Mac devices located in more than 150 countries worldwide have been infected by malware called Silver Sparrow. There are tens of thousands of affected Apple devices currently, and it is yet unclear how they got infected. Cybersecurity experts believe that the new malicious code might be hiding in malicious advertisements, compromised websites, pirate apps, or fake Flash updates. The virus appeared to mainly end up in Apple devices located in the USA, Germany, United Kingdom, and Canada. Luckily, the new virus has not yet engaged in malicious activity.
What makes this particular piece of malware mysterious is that no one knows the final goal of the virus. Once settled in the infected device, the malicious software waits for commands from its creators. However, such orders have not been observed yet. Even though MacWorld says the virus “has no point,” it is possible that this is the first version of a virus that hacker groups are testing. It will not be a surprise if future versions have the potential to be destructive.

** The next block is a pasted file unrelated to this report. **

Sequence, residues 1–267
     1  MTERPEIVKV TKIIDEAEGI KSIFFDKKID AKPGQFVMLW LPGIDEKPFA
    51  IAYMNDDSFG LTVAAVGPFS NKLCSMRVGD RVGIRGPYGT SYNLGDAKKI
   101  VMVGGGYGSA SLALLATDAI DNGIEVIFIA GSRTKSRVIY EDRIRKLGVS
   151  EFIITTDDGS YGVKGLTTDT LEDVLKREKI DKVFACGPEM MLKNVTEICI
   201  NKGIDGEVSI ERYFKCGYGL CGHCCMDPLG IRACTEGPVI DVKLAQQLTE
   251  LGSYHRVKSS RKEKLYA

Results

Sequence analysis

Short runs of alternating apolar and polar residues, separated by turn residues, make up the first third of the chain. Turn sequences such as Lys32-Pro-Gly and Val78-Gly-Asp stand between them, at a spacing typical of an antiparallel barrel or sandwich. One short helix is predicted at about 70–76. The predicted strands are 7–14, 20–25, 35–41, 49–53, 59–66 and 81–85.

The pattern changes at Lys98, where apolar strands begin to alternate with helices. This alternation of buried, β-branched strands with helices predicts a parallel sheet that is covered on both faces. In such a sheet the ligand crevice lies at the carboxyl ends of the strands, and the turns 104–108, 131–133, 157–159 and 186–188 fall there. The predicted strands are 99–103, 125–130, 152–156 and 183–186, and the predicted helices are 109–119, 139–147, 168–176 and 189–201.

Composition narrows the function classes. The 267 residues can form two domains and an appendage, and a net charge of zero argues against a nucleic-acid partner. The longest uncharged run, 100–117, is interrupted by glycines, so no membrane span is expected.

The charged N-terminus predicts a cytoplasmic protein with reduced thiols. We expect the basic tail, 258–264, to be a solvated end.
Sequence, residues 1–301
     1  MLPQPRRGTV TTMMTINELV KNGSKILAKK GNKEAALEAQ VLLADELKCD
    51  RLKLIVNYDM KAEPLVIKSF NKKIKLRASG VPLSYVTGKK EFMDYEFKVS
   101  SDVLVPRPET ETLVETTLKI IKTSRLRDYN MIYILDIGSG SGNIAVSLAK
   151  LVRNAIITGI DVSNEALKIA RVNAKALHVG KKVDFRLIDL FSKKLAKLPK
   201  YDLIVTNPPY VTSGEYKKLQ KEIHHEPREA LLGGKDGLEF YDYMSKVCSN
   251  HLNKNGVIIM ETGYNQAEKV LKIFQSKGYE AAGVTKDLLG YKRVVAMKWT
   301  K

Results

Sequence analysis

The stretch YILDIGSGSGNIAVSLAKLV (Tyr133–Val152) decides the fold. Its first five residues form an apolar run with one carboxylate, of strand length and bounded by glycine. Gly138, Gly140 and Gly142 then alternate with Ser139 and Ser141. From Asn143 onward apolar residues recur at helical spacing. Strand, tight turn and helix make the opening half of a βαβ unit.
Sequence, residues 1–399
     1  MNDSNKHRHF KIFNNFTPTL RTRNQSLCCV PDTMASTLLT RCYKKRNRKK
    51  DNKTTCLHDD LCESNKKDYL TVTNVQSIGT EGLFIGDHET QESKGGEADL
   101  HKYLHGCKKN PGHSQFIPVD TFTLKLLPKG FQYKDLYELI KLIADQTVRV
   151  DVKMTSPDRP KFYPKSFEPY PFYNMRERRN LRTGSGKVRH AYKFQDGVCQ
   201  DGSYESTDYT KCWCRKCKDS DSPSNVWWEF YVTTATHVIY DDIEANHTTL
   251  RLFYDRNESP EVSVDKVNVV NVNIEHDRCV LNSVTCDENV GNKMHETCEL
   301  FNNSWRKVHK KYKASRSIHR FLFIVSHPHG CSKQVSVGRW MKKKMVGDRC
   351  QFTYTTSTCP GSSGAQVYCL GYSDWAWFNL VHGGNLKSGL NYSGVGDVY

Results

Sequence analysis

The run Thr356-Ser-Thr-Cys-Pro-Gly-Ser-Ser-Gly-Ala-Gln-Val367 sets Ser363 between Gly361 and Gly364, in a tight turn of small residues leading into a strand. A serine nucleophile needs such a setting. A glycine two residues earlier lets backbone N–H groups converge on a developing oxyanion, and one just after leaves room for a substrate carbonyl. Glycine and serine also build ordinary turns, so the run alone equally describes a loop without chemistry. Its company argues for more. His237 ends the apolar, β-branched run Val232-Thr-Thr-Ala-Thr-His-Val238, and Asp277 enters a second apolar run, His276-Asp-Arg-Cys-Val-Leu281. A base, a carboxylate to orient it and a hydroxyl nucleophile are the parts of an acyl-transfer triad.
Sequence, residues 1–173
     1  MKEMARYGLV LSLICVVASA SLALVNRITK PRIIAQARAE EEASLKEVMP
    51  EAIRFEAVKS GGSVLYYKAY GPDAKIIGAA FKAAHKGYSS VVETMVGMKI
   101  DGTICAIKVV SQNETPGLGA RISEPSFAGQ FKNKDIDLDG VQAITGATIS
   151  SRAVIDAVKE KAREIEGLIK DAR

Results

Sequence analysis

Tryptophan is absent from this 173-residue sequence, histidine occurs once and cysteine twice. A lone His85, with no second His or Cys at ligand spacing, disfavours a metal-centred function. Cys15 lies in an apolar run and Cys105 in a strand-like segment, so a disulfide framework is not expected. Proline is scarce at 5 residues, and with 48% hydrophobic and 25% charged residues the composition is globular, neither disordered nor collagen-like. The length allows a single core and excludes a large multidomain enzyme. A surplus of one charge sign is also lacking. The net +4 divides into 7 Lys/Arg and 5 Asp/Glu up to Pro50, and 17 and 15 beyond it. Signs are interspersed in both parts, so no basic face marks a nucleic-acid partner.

The virus registered high infection rates so it appears to not be the work of a lone wolf. The fact that Silver Sparrow can infect Apple devices running on Apple’s latest M1 chip also means that the virus is new and will likely be a headache for the Cupertino-based tech giant.
In a statement, Apple said that the malware could no longer spread. They revoked the certificates for the developer accounts used by the malware’s creator to sign the packages. Apple also hinted that they will likely include a layer of protection in the next iOS update. Apple suggested that the safest place to acquire software is the Mac App Store, as code there passes thorough verification before it is offered to Apple customers. However, even though the virus is no longer spreading, there are still affected Macs around the world, and novel strains may resurface. The origins of the malware have not been identified yet.
Even if you are not a Mac user, having high-end antivirus software installed on all your connected device is a must. In its initial mass-spread, the Silver Sparrow affected both Intel and Apple silicon processors. It won’t be a surprise if the virus develops further in the near future and becomes able to infect Windows machines too. Luckily, quality antivirus solution providers are always on top of the continually evolving threats and ensure customers remain protected from novel viruses.